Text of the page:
In the autumn of 2006, it was revealed that Wojtek Ziemilski's grandfather, a notable citizen of the city of Wroclaw in Poland, was for many years a collaborator of the communist secret police. The family has not recovered from the shock, and is trying to understand the full story. Ziemilski's answer to this situation is a performance in the form of a lecture, combining personal narration, historical facts, contemporary choreography, and small and great narratives.
It is an attempt to confront his artistic choices with the history on which he had no influence. This lecture-performance is a combination of various forms of public address and artistic expression with elements of personal confession, academic lecture, video art, and contemporary choreography. Theater intermingles with reality, private narration with historical commentary—all to cope with the painful problem of memory and the manipulations it undergoes.
Wojtek Ziemilski is a theater director and visual artist. He graduated from the theater directing course at the Gulbenkian Foundation in Lisbon, Portugal. After returning to Poland in 2008, his first projects earned him media attention as “the hot new name of Warsaw theater” (Gazeta Wyborcza), and “the rising star of Polish culture” (Duży Format). He teaches contemporary approaches to theater making with a particular focus on devising techniques, the new dance’s (so-called “non-danse”) input into theatricality, and its use on stage. Ziemilski is one of the first artists in Poland to investigate rule-based devising. He is the author of the popular contemporary art blog: http://new-art.blogspot.com.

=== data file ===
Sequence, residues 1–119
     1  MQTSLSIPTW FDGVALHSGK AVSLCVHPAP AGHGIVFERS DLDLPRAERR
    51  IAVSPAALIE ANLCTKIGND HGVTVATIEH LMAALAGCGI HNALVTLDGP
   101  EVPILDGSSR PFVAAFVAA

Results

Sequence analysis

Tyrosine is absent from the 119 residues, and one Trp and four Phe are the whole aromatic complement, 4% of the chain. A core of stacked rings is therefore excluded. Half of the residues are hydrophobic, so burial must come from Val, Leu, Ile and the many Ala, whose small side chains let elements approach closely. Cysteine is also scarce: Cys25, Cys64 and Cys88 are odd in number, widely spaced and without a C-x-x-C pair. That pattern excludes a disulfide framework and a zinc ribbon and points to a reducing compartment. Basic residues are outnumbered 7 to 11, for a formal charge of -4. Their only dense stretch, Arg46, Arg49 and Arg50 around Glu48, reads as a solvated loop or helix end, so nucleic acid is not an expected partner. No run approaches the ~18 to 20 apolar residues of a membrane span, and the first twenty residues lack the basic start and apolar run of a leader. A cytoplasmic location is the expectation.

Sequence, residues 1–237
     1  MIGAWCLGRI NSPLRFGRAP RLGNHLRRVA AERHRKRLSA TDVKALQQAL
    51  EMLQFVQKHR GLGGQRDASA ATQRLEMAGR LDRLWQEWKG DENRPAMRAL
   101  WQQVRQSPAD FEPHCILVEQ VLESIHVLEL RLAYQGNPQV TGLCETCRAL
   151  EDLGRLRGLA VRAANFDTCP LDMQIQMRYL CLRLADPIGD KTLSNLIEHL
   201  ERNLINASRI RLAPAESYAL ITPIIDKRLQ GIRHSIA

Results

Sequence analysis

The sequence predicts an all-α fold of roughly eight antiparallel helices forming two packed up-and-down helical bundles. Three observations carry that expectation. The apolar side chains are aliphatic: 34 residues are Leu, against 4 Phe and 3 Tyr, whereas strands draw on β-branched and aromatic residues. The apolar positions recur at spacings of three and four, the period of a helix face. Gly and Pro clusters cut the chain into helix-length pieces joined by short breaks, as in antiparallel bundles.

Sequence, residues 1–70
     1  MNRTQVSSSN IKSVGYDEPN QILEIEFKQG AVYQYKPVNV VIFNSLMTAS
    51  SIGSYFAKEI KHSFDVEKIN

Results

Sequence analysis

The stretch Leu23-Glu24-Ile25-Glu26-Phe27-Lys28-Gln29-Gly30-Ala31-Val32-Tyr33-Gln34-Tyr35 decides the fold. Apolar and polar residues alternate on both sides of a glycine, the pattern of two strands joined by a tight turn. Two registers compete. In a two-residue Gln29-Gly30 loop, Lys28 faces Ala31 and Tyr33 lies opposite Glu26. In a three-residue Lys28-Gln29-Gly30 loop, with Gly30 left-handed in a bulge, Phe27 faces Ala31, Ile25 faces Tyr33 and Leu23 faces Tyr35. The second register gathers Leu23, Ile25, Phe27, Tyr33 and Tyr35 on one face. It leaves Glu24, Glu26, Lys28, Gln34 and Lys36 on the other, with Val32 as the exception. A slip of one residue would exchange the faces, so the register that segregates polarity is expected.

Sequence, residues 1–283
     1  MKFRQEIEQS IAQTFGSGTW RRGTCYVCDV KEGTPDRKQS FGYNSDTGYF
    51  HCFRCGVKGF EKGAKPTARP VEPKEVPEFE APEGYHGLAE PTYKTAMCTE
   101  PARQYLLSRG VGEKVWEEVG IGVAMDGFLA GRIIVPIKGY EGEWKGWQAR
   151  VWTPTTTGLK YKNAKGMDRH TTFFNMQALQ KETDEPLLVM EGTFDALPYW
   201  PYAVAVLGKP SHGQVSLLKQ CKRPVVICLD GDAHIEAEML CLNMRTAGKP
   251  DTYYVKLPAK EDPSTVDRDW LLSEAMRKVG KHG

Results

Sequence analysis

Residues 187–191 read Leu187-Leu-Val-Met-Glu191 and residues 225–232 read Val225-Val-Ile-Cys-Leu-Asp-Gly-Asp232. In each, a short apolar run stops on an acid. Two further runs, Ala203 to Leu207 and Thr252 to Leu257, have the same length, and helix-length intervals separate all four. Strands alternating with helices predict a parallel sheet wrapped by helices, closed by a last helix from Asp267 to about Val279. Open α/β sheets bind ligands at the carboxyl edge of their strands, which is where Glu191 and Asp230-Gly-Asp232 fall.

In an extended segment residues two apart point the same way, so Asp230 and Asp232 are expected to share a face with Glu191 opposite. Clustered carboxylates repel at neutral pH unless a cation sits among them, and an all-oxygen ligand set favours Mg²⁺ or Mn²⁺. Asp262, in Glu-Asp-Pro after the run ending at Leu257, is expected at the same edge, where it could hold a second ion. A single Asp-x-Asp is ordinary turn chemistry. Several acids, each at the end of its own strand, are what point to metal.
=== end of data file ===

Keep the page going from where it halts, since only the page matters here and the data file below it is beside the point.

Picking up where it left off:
Small Narration (Mała Narracja) had its Polish premiere at Teatr Studio, Warsaw, in March 2010. It has since been performed in over a dozen cities in Poland and abroad, including Paris, Moscow, Madrid, Munich, and Vilnius. It was selected as part of the showcase of the Adam Mickiewicz Institute of the best Polish performances of 2010, and to the Polska Arts program in Edinburgh, 2012. It was also translated into French and staged independently at La Bellone, Brussels.
“Small Narration is for me, among other things, a piece about memory. Memory is a space where the pain of absence is felt most acutely. Especially when we think about people, we remember a body, contact, its physicality, and at the same time our whole memory is connected to their absence. It’s based on the body not being here anymore.”